The C-Class’s entry-level petrol engine produces 181bhp, and on-paper performance looks encouraging. However, the engine doesn’t have the low-rev shove of the diesels, so in practice you’ll find yourself working the C 200 pretty hard to maintain brisk progress. It’s not the most refined of petrol engines, either. It can be combined with a manual or automatic gearbox.
Combines the C 200’s 2.0-litre petrol engine (in more powerful form) with an electric motor and an automatic gearbox. We’re yet to try this petrol-electric hybrid C-Class, but it promises super-low company car tax bills and superior refinement to the diesel-electric C 300 version. It has eye-opening claimed fuel economy, too, although it has a far smaller boot than those of other C-Classes.
C 200 Bluetec
The most modest diesel engine is a 1.6-litre unit with 134bhp, and it never feels entirely happy with the C-Class’s bulk. In fact, you’ll need to push it hard to get anywhere in a hurry. It’s available with a manual or automatic gearbox.
Our pick C 220 Bluetec
This is our favourite engine in the C-Class. It has enough shove to cope with a car of the C-Class’s size, it pulls strongly from low revs and it shouldn’t use much fuel. Refinement is less impressive; there’s always a bit of diesel clatter and vibration, even when it’s warmed up. Manual and automatic gearboxes are available with this engine.
C 250 Bluetec
The C 250 is the sportiest diesel in the C-Class line-up, but it’s still a four-cylinder unit and while it does have a bit more mid-range oomph than the C 220, it’s not really worth the extra money. Refinement is no better, either; you’ll still be troubled by the amount of noise and vibration transmitted through to the cabin. It comes with an automatic gearbox as standard.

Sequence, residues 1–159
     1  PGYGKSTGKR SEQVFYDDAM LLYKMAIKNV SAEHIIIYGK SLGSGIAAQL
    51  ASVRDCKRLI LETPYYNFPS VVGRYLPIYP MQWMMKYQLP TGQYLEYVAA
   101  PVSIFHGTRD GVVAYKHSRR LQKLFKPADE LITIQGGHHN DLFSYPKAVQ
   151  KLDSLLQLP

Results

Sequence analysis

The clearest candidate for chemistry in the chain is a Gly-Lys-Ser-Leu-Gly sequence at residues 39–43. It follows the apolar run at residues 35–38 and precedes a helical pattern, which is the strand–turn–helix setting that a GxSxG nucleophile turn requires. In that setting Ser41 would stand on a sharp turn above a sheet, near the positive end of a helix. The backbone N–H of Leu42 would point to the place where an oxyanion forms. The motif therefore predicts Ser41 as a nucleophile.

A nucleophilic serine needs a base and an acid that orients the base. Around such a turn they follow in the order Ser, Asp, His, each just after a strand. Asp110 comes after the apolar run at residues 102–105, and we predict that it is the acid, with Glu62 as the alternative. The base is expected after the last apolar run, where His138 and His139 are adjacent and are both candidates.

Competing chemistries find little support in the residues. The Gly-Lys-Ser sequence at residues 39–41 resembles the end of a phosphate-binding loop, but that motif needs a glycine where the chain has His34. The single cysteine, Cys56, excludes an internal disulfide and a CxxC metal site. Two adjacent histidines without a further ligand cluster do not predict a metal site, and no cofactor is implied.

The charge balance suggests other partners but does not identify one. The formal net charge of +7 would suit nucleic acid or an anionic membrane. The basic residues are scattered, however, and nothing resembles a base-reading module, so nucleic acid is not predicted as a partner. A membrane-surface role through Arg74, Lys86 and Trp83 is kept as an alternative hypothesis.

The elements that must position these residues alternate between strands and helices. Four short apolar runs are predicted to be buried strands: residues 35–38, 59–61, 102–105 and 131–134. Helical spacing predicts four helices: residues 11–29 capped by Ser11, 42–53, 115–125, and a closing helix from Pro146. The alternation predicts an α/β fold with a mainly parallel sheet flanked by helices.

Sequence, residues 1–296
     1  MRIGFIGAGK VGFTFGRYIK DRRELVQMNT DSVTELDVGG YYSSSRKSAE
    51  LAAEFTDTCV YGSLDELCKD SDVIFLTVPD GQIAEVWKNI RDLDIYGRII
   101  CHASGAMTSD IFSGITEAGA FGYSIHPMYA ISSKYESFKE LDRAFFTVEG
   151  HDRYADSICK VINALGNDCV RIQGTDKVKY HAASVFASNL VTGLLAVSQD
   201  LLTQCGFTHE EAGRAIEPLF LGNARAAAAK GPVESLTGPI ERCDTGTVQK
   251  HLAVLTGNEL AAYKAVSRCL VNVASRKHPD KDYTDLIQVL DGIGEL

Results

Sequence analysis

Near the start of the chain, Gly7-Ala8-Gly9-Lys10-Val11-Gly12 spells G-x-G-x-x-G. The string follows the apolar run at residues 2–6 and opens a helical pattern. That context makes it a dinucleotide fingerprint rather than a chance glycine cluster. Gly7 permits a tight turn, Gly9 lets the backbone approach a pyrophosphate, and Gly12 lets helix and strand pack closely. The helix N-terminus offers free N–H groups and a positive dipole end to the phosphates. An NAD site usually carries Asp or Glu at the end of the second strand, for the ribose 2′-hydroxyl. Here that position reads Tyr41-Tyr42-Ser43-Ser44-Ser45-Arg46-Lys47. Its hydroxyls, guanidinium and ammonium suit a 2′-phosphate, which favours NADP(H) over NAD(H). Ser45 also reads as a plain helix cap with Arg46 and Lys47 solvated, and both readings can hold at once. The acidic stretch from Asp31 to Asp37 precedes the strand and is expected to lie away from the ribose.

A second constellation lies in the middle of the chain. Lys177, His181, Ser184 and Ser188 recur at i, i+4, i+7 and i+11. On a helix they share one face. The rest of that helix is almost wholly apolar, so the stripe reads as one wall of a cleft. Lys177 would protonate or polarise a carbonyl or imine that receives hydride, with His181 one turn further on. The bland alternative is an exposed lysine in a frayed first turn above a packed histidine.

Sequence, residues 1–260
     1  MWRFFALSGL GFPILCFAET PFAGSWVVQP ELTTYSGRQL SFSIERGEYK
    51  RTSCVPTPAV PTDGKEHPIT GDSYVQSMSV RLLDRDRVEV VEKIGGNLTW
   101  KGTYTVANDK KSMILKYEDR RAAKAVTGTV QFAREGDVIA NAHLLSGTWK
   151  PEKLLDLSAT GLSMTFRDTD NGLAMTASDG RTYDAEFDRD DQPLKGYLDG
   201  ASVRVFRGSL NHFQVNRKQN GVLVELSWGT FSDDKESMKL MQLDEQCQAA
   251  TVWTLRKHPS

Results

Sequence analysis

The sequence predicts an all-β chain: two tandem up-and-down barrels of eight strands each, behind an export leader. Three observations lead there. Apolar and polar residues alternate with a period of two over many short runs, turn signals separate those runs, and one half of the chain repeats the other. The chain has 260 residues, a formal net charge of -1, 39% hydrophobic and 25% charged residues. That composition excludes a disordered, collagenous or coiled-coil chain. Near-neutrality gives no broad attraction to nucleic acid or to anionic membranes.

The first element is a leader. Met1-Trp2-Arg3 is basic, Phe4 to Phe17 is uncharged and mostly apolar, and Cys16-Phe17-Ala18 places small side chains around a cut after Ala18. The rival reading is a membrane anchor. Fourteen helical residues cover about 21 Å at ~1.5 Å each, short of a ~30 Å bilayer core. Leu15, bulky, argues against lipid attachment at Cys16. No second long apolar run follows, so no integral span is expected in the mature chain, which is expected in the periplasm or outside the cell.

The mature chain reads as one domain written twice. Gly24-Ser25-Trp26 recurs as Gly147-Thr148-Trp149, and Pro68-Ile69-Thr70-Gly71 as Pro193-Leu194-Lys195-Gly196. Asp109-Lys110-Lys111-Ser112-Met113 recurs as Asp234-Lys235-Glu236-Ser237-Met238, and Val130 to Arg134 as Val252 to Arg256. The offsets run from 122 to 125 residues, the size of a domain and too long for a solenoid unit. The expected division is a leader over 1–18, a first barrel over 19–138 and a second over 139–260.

C 300 Bluetec Hybrid
This diesel-electric hybrid C-Class mixes a four-cylinder diesel engine with a small electric motor. It can pull away from a standstill under electric power alone, but the diesel engine cuts in too quickly – and brings too much noise and clatter when it does so. Still, the Bluetec Hybrid does have one trump card: CO2 emissions. No matter what trim level you go for, the C 300 emits less than 100g/km of CO2, which makes it an appealing company car option. An automatic gearbox is the only transmission available with this engine.
The Mercedes-AMG C 63 gets a 4.0-litre twin-turbocharged V8 petrol engine, producing a mighty 469bhp and 479lb ft of torque. That’s enough to take this C-Class from 0-62mph in a little over four seconds. Running costs are pretty high, though, with average fuel economy unlikely to crack 30mpg and CO2 emissions of nearly 200g/km.
C 63 S
In case the regular Mercedes-AMG C 63 isn’t quite enough for you, Mercedes also offers the ‘S’ variant with more turbo boost pressure. It has a colossal 503bhp and 516lb ft – enough to endow the humble C-Class with performance that will match a supercar’s in all but the most extreme situations. It’s debatable whether you need the extra punch over a regular C 63, though.
Powered by a twin-turbocharged 3.0-litre V6, the four-wheel drive C 43 is quick regardless of the weather conditions. It’s also less thirsty than the C 63, but not by a vast amount.